The race for best animated feature is usually fairly easy to predict. With a few exceptions, you can always count on Disney/Pixar to win or place. The studio has had a pony on this track nearly every year the category has been in existence since 2001 (when DreamWorks’ Shrek became the inaugural winner). In fact, Pixar has won the prize an astonishing seven times, most recently last year when Brave triumphed. In off-years, other studios have had a shot, too, with Warner Bros. winning for Happy Feet and Paramount for Rango. And although several independent lower-budget toons have been nominated recently, the win usually goes to the higher-profile studio offerings. This year, there are lots of indies entered, but expect the battle to continue among the titans, especially studios who are pouring money into campaigns for their box office behemoths. So when it comes to predicting a surefire winner, there just doesn’t seem to be one this year.
A late-breaking entry into the race has been Disney’s musical Frozen, which has wowed critics and has been cleaning up at the box office throughout the holiday season. That, plus a huge push by Disney may be propelling it to the top of the pack. In the vein of Tangled and The Little Mermaid, Frozen comes from the creative team behind last year’s Wreck-It Ralph and carries a long pedigree of the studio’s tuneful toons, which have enjoyed a string of enormous successes over the past two decades. The fact that the songs come from the same group that delivered The Book Of Mormon also gives it a hip factor. Voters might want to reward Disney for returning to its roots, but ratcheting up the material. Disney also has Planes, a modest late-summer performer that is basically another sequel of sorts to the Cars franchise and won’t fly high in this company. But more promisingly on the subject of “planes,” Disney has famed Japanese master Hayao Miyazaki’s The Wind Rises, which is the fictionalized biography of the man who created the Zero plane used during World War II. That plot point could turn off older voters, who might not find romanticizing the creator of aircraft used to bomb Pearl Harbor a big plus. Still, it’s a beautifully made film and has the cachet of being what Miyazaki says is his swan song. The director won the second animated feature Oscar in 2002 for Spirited Away and could be an attractive alternative to the big studio tentpoles in the race. It has also won numerous awards from critics groups, although Frozen has been doing well on that front too even if it isn’t quite the same kind of “critics darling” as the Miyazaki.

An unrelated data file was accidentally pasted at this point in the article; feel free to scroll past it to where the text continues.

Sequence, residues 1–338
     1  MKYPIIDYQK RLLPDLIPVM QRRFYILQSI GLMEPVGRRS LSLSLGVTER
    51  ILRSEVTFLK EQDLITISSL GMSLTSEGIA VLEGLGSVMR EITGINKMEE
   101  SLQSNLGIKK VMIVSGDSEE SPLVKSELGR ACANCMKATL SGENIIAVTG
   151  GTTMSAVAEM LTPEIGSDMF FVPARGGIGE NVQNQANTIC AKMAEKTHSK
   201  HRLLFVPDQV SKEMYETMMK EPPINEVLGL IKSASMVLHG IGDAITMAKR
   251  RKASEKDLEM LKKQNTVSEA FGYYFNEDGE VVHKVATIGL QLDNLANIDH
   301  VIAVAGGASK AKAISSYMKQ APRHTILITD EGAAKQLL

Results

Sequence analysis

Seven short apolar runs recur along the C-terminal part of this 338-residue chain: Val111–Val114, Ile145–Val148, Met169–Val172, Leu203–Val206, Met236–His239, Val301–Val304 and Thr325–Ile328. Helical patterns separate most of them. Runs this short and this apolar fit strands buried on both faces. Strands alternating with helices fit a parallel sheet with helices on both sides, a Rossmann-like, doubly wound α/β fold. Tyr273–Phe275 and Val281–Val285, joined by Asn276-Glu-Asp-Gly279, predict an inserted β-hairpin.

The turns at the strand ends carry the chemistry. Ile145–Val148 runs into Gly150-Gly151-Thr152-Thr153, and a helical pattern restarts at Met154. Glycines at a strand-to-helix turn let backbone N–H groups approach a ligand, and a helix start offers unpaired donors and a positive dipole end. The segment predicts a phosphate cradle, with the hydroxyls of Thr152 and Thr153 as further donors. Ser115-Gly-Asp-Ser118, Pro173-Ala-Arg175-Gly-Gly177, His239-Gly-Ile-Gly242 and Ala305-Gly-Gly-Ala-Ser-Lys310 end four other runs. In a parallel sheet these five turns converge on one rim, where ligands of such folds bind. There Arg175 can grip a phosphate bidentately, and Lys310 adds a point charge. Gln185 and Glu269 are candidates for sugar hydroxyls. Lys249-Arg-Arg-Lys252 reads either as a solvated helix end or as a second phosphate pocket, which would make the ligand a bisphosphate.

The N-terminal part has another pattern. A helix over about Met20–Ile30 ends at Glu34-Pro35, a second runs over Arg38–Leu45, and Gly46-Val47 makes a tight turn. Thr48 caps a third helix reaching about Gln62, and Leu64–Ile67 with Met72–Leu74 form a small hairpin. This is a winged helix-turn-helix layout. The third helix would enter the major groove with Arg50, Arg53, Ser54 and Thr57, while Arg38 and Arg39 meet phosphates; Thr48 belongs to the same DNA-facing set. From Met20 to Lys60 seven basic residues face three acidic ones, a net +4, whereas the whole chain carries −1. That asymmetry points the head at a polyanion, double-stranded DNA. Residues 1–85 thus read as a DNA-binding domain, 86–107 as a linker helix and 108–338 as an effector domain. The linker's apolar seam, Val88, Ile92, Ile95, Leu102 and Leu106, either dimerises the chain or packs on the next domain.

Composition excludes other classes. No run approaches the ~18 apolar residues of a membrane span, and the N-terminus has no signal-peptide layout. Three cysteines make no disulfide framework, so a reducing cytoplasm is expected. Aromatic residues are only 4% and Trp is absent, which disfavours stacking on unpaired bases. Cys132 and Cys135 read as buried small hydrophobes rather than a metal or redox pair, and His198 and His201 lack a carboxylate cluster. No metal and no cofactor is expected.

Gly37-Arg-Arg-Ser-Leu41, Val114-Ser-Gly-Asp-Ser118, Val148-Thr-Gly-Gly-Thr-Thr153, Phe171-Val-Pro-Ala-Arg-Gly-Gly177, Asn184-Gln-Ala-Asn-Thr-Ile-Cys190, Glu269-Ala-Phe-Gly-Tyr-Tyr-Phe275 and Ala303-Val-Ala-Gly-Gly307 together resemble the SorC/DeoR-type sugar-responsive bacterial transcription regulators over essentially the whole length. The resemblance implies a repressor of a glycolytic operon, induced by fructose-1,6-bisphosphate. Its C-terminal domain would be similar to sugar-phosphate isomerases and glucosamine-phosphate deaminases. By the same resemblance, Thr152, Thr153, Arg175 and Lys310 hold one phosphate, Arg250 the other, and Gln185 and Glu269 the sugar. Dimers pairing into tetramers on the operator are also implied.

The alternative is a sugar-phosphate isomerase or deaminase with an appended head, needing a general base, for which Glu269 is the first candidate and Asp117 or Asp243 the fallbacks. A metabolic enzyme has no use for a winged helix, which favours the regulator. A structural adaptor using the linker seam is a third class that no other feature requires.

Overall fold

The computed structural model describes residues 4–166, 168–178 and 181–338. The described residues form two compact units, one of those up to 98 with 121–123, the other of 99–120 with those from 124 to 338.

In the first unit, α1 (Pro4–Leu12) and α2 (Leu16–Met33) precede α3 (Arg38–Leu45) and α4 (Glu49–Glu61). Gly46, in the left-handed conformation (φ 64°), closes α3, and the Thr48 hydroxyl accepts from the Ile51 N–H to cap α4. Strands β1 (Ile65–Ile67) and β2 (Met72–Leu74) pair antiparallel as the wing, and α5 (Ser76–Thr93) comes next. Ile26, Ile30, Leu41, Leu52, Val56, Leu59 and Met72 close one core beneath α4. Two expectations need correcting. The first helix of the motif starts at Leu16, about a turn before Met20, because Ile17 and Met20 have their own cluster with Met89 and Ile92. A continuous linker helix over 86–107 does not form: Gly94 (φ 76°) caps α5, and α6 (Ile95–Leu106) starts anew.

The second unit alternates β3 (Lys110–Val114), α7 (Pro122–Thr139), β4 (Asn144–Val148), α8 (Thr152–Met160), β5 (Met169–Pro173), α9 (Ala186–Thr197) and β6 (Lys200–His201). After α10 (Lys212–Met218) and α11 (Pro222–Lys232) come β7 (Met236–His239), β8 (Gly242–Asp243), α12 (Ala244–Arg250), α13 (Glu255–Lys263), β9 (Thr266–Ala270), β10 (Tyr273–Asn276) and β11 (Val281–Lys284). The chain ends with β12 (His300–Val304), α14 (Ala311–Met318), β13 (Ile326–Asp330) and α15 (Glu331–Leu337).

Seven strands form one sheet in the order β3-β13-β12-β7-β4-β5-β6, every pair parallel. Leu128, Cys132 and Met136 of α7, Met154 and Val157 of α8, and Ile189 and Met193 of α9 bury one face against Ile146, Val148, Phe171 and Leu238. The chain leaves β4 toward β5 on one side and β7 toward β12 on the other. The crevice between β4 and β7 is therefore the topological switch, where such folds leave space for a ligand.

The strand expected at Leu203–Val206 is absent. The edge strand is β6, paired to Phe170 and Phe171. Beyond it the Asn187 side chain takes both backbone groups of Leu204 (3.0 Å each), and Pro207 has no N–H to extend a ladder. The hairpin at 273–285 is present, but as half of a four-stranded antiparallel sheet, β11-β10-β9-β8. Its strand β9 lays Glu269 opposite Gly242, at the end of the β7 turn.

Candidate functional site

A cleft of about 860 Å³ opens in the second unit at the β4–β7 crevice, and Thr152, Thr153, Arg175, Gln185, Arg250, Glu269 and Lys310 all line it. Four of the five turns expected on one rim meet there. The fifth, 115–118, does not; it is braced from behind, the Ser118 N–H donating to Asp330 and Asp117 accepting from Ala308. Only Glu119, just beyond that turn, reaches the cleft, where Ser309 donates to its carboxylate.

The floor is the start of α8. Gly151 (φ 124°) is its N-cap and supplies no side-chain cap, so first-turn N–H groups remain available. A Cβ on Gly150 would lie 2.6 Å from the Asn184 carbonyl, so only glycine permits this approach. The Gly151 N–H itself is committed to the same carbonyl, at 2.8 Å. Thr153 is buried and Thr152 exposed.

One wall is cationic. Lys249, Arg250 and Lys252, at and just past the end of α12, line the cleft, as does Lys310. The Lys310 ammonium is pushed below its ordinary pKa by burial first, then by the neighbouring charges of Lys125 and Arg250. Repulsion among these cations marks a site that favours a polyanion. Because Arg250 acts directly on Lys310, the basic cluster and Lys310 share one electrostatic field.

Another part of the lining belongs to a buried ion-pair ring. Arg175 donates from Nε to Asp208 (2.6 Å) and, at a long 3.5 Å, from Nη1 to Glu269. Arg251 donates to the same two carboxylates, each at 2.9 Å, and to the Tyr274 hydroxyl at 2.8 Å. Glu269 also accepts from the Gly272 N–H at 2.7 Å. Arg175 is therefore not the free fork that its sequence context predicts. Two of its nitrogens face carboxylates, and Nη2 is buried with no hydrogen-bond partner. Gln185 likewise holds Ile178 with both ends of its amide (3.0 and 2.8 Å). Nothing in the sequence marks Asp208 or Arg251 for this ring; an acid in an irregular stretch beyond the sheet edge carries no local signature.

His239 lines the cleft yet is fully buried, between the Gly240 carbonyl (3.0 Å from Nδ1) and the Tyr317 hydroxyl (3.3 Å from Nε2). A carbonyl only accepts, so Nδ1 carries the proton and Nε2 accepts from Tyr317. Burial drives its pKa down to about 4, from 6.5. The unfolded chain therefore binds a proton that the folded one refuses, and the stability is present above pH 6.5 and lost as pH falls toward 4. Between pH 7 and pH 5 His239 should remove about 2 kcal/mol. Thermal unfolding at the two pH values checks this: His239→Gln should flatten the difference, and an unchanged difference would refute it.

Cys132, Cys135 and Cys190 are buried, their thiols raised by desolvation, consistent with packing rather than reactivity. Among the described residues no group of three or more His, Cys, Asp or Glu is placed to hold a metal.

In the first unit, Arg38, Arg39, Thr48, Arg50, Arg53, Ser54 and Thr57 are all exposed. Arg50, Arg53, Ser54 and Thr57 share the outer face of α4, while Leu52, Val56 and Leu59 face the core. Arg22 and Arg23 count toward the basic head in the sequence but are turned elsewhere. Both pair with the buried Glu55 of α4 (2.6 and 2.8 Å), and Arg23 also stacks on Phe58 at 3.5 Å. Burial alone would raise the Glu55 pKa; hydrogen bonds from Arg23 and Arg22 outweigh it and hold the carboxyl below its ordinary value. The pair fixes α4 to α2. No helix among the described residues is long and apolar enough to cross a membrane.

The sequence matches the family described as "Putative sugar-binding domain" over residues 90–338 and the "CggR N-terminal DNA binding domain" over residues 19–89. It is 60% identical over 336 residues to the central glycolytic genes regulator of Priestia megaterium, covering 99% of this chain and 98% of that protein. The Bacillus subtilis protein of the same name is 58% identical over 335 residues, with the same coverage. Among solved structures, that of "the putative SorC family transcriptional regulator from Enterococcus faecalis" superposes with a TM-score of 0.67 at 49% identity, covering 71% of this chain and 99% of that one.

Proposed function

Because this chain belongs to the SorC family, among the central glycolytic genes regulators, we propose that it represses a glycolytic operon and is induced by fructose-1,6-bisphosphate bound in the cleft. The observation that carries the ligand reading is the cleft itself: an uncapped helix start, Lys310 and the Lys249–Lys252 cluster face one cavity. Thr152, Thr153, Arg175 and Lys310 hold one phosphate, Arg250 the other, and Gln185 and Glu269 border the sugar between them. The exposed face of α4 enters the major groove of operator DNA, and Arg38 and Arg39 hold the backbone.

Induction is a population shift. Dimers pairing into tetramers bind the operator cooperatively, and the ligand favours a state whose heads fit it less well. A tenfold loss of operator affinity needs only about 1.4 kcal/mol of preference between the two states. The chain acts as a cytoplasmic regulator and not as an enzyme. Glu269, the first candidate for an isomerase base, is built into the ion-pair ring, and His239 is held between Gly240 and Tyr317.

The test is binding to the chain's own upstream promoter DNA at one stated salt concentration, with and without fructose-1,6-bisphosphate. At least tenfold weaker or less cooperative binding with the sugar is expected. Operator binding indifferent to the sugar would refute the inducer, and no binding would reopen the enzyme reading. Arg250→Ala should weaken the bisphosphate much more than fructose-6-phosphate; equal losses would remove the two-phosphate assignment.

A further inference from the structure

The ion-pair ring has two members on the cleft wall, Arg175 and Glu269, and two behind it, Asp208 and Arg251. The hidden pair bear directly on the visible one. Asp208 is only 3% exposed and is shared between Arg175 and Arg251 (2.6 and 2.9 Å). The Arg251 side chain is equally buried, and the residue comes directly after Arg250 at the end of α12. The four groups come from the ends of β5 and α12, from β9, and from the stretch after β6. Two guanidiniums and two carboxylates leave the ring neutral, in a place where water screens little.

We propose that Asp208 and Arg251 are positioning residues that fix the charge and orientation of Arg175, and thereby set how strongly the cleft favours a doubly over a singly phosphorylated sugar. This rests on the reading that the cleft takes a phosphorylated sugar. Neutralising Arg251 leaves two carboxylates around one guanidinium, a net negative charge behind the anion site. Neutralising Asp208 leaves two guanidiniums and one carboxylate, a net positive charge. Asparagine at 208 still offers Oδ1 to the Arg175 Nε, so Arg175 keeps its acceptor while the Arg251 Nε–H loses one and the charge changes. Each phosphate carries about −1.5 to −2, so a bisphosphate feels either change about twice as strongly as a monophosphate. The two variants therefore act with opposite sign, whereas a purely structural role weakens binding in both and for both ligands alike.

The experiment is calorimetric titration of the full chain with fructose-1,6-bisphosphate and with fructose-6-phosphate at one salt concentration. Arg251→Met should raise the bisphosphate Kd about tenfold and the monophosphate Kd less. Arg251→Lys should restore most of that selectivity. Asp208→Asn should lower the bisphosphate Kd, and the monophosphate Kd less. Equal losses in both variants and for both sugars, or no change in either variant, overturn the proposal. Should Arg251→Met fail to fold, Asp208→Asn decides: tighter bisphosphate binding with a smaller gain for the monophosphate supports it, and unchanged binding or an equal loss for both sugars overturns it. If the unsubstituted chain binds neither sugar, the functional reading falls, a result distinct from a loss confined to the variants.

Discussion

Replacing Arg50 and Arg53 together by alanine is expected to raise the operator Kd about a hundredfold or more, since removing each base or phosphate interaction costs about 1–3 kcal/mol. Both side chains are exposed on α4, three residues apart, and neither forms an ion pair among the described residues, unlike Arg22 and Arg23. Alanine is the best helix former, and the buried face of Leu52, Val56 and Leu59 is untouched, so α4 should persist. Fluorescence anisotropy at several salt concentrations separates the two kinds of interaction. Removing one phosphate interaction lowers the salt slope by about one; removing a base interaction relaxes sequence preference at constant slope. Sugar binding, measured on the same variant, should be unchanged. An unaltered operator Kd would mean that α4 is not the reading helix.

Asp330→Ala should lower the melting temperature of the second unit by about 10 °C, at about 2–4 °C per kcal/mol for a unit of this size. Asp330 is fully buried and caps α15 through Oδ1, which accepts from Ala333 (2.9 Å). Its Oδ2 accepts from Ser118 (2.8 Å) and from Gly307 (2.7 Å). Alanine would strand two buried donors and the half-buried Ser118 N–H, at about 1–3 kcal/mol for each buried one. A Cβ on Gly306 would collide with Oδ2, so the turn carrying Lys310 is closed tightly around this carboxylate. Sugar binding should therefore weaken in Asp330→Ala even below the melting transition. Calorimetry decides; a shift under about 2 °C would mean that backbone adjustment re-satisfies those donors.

Considering Despicable Me 2 has grossed nearly a billion dollars worldwide and become Universal’s most successful movie ever, the studio is backing a major campaign for Chris Meledandri’s sequel with Q&As, parties, ads and lots of attention paid not only in this category, but also for Pharrell Williams’ snappy song “Happy.” Williams has been performing at various industry functions the past few weeks, increasing the song’s (and the film’s) profile. For U, this is an important statement because the first Despicable Me was not even nominated. The studio is betting that voters won’t overlook the success this time around.